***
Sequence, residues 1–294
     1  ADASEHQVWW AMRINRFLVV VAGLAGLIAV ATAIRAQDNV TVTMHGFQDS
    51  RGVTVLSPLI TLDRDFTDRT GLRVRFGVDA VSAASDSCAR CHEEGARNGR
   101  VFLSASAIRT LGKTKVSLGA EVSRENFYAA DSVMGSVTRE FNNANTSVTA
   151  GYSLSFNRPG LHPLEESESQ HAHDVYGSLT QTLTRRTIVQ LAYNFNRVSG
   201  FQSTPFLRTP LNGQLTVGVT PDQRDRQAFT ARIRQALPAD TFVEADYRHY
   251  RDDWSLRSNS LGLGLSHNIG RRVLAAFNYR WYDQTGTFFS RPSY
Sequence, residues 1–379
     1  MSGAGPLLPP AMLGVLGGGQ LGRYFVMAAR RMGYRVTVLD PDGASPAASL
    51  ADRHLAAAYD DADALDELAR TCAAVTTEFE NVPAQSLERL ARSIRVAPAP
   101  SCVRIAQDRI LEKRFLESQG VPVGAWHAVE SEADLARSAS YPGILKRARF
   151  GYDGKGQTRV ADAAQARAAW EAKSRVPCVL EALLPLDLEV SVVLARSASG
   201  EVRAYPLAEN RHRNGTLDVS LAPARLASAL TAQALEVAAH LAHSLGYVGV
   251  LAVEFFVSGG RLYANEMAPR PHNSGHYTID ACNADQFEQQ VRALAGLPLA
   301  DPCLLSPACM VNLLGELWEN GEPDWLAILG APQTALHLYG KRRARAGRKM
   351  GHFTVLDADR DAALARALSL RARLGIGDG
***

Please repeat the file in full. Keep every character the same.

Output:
Sequence, residues 1–294
     1  ADASEHQVWW AMRINRFLVV VAGLAGLIAV ATAIRAQDNV TVTMHGFQDS
    51  RGVTVLSPLI TLDRDFTDRT GLRVRFGVDA VSAASDSCAR CHEEGARNGR
   101  VFLSASAIRT LGKTKVSLGA EVSRENFYAA DSVMGSVTRE FNNANTSVTA
   151  GYSLSFNRPG LHPLEESESQ HAHDVYGSLT QTLTRRTIVQ LAYNFNRVSG
   201  FQSTPFLRTP LNGQLTVGVT PDQRDRQAFT ARIRQALPAD TFVEADYRHY
   251  RDDWSLRSNS LGLGLSHNIG RRVLAAFNYR WYDQTGTFFS RPSY
Sequence, residues 1–379
     1  MSGAGPLLPP AMLGVLGGGQ LGRYFVMAAR RMGYRVTVLD PDGASPAASL
    51  ADRHLAAAYD DADALDELAR TCAAVTTEFE NVPAQSLERL ARSIRVAPAP
   101  SCVRIAQDRI LEKRFLESQG VPVGAWHAVE SEADLARSAS YPGILKRARF
   151  GYDGKGQTRV ADAAQARAAW EAKSRVPCVL EALLPLDLEV SVVLARSASG
   201  EVRAYPLAEN RHRNGTLDVS LAPARLASAL TAQALEVAAH LAHSLGYVGV
   251  LAVEFFVSGG RLYANEMAPR PHNSGHYTID ACNADQFEQQ VRALAGLPLA
   301  DPCLLSPACM VNLLGELWEN GEPDWLAILG APQTALHLYG KRRARAGRKM
   351  GHFTVLDADR DAALARALSL RARLGIGDG